The winner in the CGT change debate

In the face of proposed changes to capital gains and negative gearing, DIY funds have the most to gain.

Summary: Labor’s proposed changes to negative gearing and capital gains tax would likely have a lesser effect on DIY fund holders than investors buying assets outside of super. Because superannuation tax rates look likely to stay as they are, those who buy property through their super would be doing so in a lower tax environment than those investing after July 1, 2017, should new negative gearing restrictions and a cut to the capital gains tax discount come into effect. While the Coalition’s plans in this area are less clear, if there was a plan to implement a cap on the number of properties or dollar value that could be negatively geared, DIY fund holders would still be in a more favourable position.

Key take out: SMSFs will come out on top if either side makes changes to negative gearing or CGT rules.

Key beneficiaries: Superannuation accountholders and SMSF trustees. Category: Superannuation.

Capital gains tax and negative gearing are back in Canberra’s headlights – never a good thing for property investors.

Both tax regimes seem set for change – but we’re a long way from knowing exactly how, or when.

Labor has set out an actual policy, which would increase taxes for property investors. The Coalition is flying flags on both CGT and negative gearing. They seem to be saluting a new one each day, but lowering it (literally, by retracting it) before sunset.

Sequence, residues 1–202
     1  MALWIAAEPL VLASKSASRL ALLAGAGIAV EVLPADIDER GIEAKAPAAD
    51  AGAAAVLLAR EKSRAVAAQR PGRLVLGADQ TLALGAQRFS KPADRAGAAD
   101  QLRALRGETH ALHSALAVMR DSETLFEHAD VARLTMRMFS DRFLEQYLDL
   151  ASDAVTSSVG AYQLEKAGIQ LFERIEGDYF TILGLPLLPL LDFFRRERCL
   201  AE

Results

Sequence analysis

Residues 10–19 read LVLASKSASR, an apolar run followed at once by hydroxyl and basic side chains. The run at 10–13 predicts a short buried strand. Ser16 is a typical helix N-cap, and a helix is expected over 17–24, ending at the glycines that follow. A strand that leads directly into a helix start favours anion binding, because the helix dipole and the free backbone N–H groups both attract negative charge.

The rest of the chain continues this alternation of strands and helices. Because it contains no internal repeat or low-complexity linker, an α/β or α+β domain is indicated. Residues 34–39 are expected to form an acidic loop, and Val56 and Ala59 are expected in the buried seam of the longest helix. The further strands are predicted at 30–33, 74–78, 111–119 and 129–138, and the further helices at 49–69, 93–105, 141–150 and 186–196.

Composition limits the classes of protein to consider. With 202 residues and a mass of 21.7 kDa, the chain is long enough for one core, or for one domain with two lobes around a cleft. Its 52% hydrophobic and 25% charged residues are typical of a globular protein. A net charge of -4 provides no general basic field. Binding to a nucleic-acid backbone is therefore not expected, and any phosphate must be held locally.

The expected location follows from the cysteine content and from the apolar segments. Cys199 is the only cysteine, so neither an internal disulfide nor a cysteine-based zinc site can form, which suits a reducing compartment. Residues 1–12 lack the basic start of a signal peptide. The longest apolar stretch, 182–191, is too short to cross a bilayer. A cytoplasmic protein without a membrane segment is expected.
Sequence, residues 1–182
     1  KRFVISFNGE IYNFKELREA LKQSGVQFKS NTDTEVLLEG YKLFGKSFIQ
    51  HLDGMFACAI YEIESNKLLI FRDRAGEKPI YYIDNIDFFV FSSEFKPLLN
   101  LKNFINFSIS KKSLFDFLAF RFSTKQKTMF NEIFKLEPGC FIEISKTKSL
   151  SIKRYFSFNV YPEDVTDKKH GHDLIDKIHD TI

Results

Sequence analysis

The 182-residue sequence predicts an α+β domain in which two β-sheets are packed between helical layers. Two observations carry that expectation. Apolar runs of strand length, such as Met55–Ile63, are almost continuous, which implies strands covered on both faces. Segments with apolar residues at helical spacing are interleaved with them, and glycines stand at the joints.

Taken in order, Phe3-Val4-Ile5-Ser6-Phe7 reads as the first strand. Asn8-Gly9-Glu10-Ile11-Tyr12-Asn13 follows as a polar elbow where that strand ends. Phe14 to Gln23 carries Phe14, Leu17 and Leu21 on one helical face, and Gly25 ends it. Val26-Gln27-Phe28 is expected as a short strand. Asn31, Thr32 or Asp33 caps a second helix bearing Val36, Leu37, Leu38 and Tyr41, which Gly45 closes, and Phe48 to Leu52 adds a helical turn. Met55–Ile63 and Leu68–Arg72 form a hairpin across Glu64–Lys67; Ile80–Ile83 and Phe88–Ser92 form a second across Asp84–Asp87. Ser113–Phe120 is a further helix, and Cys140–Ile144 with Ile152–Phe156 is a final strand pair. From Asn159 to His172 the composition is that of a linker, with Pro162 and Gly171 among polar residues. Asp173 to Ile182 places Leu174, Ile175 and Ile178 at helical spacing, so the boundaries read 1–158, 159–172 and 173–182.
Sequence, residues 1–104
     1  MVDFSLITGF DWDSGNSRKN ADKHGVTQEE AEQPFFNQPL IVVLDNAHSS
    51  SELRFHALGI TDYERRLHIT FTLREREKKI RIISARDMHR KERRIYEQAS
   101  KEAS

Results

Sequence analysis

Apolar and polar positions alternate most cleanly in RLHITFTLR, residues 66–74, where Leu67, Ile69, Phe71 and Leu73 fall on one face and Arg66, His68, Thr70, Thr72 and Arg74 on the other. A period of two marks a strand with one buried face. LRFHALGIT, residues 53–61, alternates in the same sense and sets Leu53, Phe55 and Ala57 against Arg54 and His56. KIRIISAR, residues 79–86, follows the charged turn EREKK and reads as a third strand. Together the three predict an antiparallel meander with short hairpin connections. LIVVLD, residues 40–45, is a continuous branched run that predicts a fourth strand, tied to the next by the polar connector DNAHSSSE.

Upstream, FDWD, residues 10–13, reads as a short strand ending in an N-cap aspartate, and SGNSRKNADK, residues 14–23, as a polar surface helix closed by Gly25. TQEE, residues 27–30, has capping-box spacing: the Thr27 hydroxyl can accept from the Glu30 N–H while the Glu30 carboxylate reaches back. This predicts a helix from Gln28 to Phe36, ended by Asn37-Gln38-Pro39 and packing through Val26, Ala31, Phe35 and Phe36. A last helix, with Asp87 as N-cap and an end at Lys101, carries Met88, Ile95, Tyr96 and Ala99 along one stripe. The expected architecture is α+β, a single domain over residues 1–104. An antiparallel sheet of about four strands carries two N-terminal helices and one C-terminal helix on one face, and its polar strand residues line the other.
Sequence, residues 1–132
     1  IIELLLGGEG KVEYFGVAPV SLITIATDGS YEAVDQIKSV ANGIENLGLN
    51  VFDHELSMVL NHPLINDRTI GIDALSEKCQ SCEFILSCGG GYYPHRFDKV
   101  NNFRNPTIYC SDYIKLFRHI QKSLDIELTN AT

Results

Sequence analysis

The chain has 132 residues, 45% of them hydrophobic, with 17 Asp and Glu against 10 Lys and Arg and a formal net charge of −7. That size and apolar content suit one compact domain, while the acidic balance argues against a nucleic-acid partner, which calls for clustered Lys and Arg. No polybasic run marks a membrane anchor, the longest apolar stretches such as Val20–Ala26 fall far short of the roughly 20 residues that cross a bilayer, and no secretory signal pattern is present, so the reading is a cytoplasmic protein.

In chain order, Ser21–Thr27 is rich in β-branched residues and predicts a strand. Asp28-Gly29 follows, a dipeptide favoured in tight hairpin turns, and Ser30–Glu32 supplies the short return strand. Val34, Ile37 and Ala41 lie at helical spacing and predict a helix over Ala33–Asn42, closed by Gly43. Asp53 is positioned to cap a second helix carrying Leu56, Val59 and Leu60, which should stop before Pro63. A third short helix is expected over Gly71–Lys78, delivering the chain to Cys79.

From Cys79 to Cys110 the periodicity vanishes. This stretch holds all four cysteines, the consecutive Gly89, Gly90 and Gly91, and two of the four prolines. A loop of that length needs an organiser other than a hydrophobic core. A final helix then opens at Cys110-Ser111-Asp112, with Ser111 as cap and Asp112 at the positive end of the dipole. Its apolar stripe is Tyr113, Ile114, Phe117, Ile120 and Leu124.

But while policies will evolve ahead of this year’s federal election, investors know one thing for sure: When you change investment rules, you distort a market, creating winners and losers.

Labor’s proposed changes to negative gearing and capital gains tax would do just that. One of those winners, in a relative sense, would be self-managed super funds.

SMSFs would still lose if Labor’s CGT and negative gearing policies were implemented. But the pain would be less than what would be inflicted on, say, mum and dad investors, who would lose significant tax breaks.

The advantage of a DIY fund is precisely because of super’s low tax rate.

For more detail on exactly what Labor announced, see Scott Francis’s piece (read: CGT and negative gearing under threat). In essence, negative gearing will be removed for all but purchases of new property from 1 July 2017 and the capital gains tax discount will be dropped from 50 per cent to 25 per cent of investor’s marginal tax rates for assets sold after 12 months or more.

How will these rules impact on SMSF investing in property, post-July 2017? Let’s look at a few general rules first.